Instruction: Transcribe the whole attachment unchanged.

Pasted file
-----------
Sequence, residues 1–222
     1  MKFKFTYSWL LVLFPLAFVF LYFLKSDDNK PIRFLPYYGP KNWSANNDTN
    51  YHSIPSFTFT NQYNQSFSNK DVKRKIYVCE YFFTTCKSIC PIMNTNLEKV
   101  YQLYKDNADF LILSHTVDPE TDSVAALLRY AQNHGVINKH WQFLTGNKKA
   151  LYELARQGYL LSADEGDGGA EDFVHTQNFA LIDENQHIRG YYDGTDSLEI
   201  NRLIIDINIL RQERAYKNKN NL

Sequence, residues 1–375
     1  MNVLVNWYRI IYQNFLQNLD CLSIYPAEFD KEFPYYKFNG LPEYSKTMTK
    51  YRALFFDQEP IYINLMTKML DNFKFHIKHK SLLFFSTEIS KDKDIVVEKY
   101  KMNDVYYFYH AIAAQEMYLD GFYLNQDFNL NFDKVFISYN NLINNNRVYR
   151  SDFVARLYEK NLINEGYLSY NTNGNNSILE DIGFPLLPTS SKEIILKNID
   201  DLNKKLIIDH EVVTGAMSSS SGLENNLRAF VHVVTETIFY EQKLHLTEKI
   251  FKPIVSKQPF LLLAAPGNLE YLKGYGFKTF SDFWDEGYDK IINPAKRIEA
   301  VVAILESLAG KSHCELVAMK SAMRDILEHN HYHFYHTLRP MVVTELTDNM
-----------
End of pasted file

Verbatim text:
Sequence, residues 1–222
     1  MKFKFTYSWL LVLFPLAFVF LYFLKSDDNK PIRFLPYYGP KNWSANNDTN
    51  YHSIPSFTFT NQYNQSFSNK DVKRKIYVCE YFFTTCKSIC PIMNTNLEKV
   101  YQLYKDNADF LILSHTVDPE TDSVAALLRY AQNHGVINKH WQFLTGNKKA
   151  LYELARQGYL LSADEGDGGA EDFVHTQNFA LIDENQHIRG YYDGTDSLEI
   201  NRLIIDINIL RQERAYKNKN NL

Sequence, residues 1–375
     1  MNVLVNWYRI IYQNFLQNLD CLSIYPAEFD KEFPYYKFNG LPEYSKTMTK
    51  YRALFFDQEP IYINLMTKML DNFKFHIKHK SLLFFSTEIS KDKDIVVEKY
   101  KMNDVYYFYH AIAAQEMYLD GFYLNQDFNL NFDKVFISYN NLINNNRVYR
   151  SDFVARLYEK NLINEGYLSY NTNGNNSILE DIGFPLLPTS SKEIILKNID
   201  DLNKKLIIDH EVVTGAMSSS SGLENNLRAF VHVVTETIFY EQKLHLTEKI
   251  FKPIVSKQPF LLLAAPGNLE YLKGYGFKTF SDFWDEGYDK IINPAKRIEA
   301  VVAILESLAG KSHCELVAMK SAMRDILEHN HYHFYHTLRP MVVTELTDNM